Bengt Nilervall at the Swedish Federation of Trade, or Svensk Handel says that Sweden and the rest of Scandinavia lead the world in terms of cashless trading. Swedes on average perform an average of 260 transactions each year using their debit and credit cards. This is in sharp contrast to countries such as Italy where cash is still preference numero uno. Italians use cash for three-quarters of transactions.
“That is due to the low confidence in the authorities and the banking system,” said Niklas Arvidsson, an associate professor of industrial dynamics. Retailers, banks and card companies welcomed the trend with the proviso that customers can keep up with developments.
The most obvious advantage is the enhanced security for both bank staff and customers. Sweden spends around US$ 1.2 billion each year in securing cash. This amounts to 0.3% of the kingdom’s GDP. In 2012, only five bank robberies were committed in Sweden – a thirty year low.
Going cashless has also spawned a multitude of other services that enable people transfer small sums of money without having to resort to the ATM. It is also possible to shop for groceries in Sweden using different forms of electronic payment.
Sweden has had a fairly bumpy relationship with Bitcoin and other virtual currencies. In April 2013, Swedish central bank, the Riksbank issued a warning to its citizens on the use of Bitcoin. In June of the same year, the country’s highest court, the Supreme Administrative Court (Högsta förvaltningdomstolen) filed a petition with the European Court of Justice asking for clarity on how EU members ought to treat Bitcoin.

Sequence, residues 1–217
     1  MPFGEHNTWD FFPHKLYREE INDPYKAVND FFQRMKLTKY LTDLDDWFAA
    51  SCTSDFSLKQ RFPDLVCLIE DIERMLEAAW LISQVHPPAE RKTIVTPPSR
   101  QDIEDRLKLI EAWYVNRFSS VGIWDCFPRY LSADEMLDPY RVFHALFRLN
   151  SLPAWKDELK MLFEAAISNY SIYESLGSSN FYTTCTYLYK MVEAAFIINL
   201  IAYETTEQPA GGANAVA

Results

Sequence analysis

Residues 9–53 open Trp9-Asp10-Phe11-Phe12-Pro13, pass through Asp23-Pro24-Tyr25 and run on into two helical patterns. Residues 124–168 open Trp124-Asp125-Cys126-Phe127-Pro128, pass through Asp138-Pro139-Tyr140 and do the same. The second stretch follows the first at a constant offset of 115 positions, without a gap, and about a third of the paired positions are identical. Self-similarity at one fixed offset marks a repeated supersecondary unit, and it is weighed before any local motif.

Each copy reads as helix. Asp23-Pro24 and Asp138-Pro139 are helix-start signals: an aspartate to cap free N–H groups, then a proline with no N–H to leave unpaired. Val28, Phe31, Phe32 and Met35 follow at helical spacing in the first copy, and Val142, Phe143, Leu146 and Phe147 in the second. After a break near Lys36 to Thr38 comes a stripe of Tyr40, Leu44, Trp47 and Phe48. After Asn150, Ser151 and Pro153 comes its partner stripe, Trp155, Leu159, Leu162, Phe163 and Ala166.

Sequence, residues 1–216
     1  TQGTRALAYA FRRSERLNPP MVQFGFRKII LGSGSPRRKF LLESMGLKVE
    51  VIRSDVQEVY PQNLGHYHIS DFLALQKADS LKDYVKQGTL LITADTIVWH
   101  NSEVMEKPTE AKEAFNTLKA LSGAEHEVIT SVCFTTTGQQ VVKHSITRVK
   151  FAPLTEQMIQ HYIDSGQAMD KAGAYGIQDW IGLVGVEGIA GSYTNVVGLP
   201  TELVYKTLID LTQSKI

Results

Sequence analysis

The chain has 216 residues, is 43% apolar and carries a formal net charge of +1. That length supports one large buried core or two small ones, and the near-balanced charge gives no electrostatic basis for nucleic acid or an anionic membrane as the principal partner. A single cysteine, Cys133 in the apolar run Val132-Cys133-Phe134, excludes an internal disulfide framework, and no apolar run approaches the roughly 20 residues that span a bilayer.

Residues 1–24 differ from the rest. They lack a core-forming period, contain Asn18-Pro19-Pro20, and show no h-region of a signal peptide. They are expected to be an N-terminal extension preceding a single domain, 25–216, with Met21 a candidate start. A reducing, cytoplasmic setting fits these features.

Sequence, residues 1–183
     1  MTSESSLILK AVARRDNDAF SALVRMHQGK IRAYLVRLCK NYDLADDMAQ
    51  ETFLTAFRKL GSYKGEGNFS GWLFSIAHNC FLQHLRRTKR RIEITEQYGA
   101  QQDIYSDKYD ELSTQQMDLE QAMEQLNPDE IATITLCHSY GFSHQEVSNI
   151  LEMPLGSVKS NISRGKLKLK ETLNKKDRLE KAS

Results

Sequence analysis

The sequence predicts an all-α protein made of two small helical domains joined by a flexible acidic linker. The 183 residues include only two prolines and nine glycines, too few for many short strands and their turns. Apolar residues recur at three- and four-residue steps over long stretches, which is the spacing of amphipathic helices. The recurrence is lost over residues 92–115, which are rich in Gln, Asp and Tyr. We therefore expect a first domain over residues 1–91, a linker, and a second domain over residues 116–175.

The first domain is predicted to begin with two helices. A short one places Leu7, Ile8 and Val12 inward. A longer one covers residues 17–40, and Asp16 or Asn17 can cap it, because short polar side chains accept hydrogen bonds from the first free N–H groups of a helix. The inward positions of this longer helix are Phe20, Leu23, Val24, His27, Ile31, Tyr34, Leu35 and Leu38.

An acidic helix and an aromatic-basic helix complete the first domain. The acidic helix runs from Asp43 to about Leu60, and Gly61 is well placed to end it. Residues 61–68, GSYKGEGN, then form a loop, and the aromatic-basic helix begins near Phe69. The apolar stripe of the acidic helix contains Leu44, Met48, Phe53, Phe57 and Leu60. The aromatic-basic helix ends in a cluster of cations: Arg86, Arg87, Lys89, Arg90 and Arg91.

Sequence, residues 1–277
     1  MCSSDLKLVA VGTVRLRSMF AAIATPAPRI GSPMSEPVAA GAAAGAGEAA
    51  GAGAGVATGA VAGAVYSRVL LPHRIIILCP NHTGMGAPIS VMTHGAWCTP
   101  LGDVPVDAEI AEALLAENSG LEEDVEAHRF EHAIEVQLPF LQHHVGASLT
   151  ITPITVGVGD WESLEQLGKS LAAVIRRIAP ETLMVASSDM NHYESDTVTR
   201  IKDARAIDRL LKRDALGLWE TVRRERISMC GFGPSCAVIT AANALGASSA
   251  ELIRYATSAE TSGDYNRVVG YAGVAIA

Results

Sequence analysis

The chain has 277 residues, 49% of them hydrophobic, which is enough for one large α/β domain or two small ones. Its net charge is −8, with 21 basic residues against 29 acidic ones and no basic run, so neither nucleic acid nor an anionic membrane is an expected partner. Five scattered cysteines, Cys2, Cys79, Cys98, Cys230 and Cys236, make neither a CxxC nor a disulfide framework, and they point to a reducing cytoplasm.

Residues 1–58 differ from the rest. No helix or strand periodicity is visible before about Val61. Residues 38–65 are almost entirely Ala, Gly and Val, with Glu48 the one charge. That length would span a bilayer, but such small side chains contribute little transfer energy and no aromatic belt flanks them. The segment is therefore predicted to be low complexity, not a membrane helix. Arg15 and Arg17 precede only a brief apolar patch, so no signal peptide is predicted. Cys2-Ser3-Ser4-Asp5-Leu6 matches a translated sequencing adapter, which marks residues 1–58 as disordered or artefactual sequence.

Swedish national David Hedqvist and proprietor of Bitcoin.se is locked in a case with Sweden’s tax agency. The tax agency known as the Skattverket is challenging an earlier ruling handed down by a Swedish court that held that VAT should not be charged on Bitcoin trades.
Some jurisdictions such as the UK have chosen to zero-rate Bitcoin while others such as Poland and Estonia and have swung to the opposite side, subjecting Bitcoin exchanges to full taxation. Early in 2014, the Swedish Tax Agency was said to be drafting rules that would treat Bitcoin as an asset rather than as a currency. The implications were that Sweden would subject Bitcoin to capital gains tax, which stands at a flat 30% rate.
If Sweden could resolve its legislative and administrative hurdles with Bitcoin, it could emerge as the de facto Bitcoin leader in Scandinavia. Already, one Swedish politician Mathias Sundin, financed his parliamentary campaign exclusively in Bitcoin.
In addition, two Bitcoin companies, KnCMiner and Safello call Sweden home. Current EU rules which date to 1993 do not make provision for Bitcoin. There is, therefore, an urgent need for clarity in the Eurozone on how to treat Bitcoin and the general cryptocurrency landscape. Are you a participant in Sweden’s crypto-currency community? Do share your thoughts on this article.
Images from Wikimedia Commons and Shutterstock.